By Rebecca Bulnes
By Laurie Charles
By Chuck Strouse
By Lee Zimmerman
By Laurie Charles
By Falyn Freyman
By Hans Morgenstern
But the way they are presenting him and other black artists on the label at times smacks of a hip plantation mentality for the late Nineties. Based in Oxford, Mississippi, and run by Matthew Johnson, Fat Possum has put out a spate of records this decade, mainly by Mississippi bluesmen such as Burnside, Kimbrough, T-Model Ford, Cedell Davis, Elmo Williams, Robert Cage, Paul "Wine" Jones, and Super Chikan (that's right). For the most part they are black, male, at least middle-aged, and connected to the state of Mississippi by either birth or longtime residence there. They all play guitar and sing, some in unique styles: Cedell Davis, who contracted polio when he was a child, now plays slide guitar with a butter knife. And all these Fat Possum musicians are what you would call rough-hewn or rural people. They come across as somewhat unsophisticated, country, or Mississippi, for lack of a better term.
And Matthew Johnson has done quite a job signing and promoting this roster of backwoods bluesmen to a primarily white, young, urban audience. He has managed to make aging, hard-drinking, and hard-working black men into pop artists of a sort. This is quite a feat given that most Fat Possum artists are neither young nor pretty. Some of the promo material, and the artwork on the label's releases, however, seem to cross a line that can slip into the most blatant kind of racial stereotyping. Much is made of R.L.'s numerous drunk driving arrests, T-Model Ford's violent life, and the late Kimbrough's affinity for moonshine and the large number of children he fathered in his lifetime. Some of this mythology is true, but is the fact that certain Fat Possum artists like to drink whiskey enough of a reason (or an excuse) to market them as moonshine-drinking, rural, Ybermen who just wanna get drunk, ball, and play the blues for a mostly white audience? Matthew Johnson is selling records and paying his musicians royalties, helping them attract larger performance fees and audiences than they ever received playing Mississippi juke joints. Is it okay for Fat Possum to use a photograph of T-Model Ford and his drummer Spam goose-stepping in a cotton field if it helps to sell their records and earn them more money? If they don't object to being marketed this way are these somewhat racist images hurting anybody?
Ultimately white record labels and fans license what is hip in blues even though blacks created the form. White fans of the music have constructed a purist image of what blues should be and how a bluesman should conduct himself. And this purist image usually centers on the typically American view of the black man: primitive, spontaneous, impulsive, and violent. An image of black men that would be considered insulting and ridiculous to most people still finds a home in white blues circles, even though the majority of purists would insist that it is simply the sound of the music that they love. But somehow this image of black bluesmen as primal auteurs who live and create purely by instinct always becomes entwined with the music at a point where it is hard to separate the two. So if Fat Possum seems to follow that old familiar pattern of marketing their talents as untutored but gifted rural savants (read "primitive Negroes" who make good dance music) and also releases really interesting and enjoyable records, what is to be made of that? It's a little late in the game to pretend that racism in its various guises can be avoided by a bit of goodwill and decent royalties, but if one enjoys the music on a Fat Possum record, does that make listening to it a guilty pleasure and some kind of racist act? Probably, but the label does put out some damn good sounding records and Come on In happens to be one of their best so far.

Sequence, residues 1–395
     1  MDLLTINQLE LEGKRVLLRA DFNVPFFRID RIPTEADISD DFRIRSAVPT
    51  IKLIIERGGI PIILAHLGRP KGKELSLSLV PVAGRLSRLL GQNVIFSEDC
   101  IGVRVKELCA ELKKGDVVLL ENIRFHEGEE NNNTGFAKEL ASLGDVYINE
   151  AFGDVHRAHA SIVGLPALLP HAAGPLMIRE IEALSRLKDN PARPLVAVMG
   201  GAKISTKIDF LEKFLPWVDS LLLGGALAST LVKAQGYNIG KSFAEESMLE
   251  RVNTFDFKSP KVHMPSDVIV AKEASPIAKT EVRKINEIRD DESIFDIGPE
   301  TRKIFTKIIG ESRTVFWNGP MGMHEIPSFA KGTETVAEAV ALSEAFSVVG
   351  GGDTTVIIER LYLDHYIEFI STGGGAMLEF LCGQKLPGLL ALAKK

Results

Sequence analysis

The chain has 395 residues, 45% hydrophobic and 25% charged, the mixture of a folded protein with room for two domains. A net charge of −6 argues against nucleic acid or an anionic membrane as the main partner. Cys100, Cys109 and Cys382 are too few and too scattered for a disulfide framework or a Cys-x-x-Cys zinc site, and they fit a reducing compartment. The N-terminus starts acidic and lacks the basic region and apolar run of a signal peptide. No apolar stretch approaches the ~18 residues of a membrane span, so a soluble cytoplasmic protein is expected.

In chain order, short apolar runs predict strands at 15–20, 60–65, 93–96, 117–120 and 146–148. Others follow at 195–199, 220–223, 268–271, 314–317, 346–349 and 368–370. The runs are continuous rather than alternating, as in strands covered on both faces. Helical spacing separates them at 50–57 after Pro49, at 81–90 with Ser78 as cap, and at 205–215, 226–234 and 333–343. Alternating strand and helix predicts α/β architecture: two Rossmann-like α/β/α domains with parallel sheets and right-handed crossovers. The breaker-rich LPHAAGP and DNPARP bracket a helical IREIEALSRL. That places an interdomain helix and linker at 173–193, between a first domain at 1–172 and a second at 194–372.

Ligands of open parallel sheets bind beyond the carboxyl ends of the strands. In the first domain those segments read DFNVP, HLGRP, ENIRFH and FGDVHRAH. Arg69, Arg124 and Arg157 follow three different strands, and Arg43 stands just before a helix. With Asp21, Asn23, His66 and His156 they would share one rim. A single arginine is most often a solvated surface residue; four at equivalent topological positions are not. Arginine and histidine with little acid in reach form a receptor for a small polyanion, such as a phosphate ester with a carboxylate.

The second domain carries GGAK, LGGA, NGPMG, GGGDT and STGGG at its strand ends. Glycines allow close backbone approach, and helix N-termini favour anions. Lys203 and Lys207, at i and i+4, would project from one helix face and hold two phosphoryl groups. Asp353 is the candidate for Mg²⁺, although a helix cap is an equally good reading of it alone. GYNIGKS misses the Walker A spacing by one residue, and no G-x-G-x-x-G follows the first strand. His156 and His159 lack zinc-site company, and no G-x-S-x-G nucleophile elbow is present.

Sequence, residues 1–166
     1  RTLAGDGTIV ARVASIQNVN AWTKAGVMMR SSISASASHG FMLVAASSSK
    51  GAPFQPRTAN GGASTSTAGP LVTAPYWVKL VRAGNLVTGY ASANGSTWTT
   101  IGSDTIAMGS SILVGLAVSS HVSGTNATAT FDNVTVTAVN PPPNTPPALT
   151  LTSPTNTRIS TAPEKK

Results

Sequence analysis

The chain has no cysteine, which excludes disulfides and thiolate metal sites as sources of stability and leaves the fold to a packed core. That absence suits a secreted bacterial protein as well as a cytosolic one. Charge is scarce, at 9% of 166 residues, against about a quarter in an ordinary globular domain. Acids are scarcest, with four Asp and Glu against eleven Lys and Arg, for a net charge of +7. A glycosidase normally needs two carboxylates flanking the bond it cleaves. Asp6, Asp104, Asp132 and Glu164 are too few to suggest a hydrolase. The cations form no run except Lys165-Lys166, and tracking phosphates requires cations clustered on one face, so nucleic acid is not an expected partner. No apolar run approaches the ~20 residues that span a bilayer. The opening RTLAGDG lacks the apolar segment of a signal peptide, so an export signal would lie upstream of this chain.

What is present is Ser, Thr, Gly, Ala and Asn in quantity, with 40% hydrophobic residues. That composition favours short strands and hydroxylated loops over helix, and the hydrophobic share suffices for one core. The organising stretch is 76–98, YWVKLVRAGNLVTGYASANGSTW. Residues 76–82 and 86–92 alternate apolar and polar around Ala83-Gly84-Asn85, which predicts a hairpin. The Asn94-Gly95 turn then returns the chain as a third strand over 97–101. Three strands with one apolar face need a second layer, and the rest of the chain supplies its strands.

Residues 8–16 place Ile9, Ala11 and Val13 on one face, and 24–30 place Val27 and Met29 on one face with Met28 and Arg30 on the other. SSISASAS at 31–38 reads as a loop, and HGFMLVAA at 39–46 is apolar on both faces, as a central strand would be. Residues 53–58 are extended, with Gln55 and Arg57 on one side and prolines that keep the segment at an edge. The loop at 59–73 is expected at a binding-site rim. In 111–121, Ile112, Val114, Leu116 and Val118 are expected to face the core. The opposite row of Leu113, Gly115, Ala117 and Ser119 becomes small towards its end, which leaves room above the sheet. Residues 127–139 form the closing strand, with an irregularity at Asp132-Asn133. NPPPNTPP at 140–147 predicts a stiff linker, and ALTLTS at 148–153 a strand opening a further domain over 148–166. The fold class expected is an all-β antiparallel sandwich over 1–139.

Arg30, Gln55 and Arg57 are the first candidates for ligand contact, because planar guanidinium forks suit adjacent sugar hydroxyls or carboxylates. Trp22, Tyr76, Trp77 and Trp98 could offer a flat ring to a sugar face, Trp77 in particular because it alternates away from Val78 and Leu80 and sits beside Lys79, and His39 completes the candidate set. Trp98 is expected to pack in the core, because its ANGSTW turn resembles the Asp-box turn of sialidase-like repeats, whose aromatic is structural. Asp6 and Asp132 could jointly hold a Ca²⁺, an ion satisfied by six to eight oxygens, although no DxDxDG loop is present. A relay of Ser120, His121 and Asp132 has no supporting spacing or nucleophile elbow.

Matthew Johnson of Fat Possum says that Come on In has generated more negative mail than any other release on the label. Most of the outrage is directed at Tom Rothrock's altering and remixing of Burnside's basic tracks: How dare Fat Possum dilute the purity (that "P" word again) of Burnside's sound? It sounds like another take on the Mississippi bluesman as a noble savage whose undiminished and undiluted style must be protected from the greedy and misguided white entrepreneurs who want to "change his sound." But if interviews and Fat Possum press releases can be believed, it was R.L. who approached Rothrock to mix his material after he heard some of the producer's Beck remixes. So if it was Burnside's idea to make this release just what it is, then isn't it rather pointless to shout charges of exploitation at Matthew Johnson and Fat Possum for allowing Rothrock to put a trip-hop/techno stamp on the recording?
It is interesting to note that Rothrock and Beal Dabbs share songwriting credits on several songs with Burnside on this record. Is that just another example of white men stealing writer credits from a black artist, or is it true collaboration in the studio, even if R.L. cut the basic tracks by himself or with his band? You'd probably have to ask Burnside to find out the truth, but this looks and feels more like a collaborative project. The Rothrock touches seem to be part of the whole rather than add-ons after the fact. There is only one true remix on the record: "Heat," done by Alec Empire of Atari Teenage Riot. Rothrock functions as another band member on most tracks with his programming and mixing. There are even a couple of Rothrock-produced tracks that have no traces of samples or loops, in case any blues purists need reassuring that R.L. can still do it all on his own.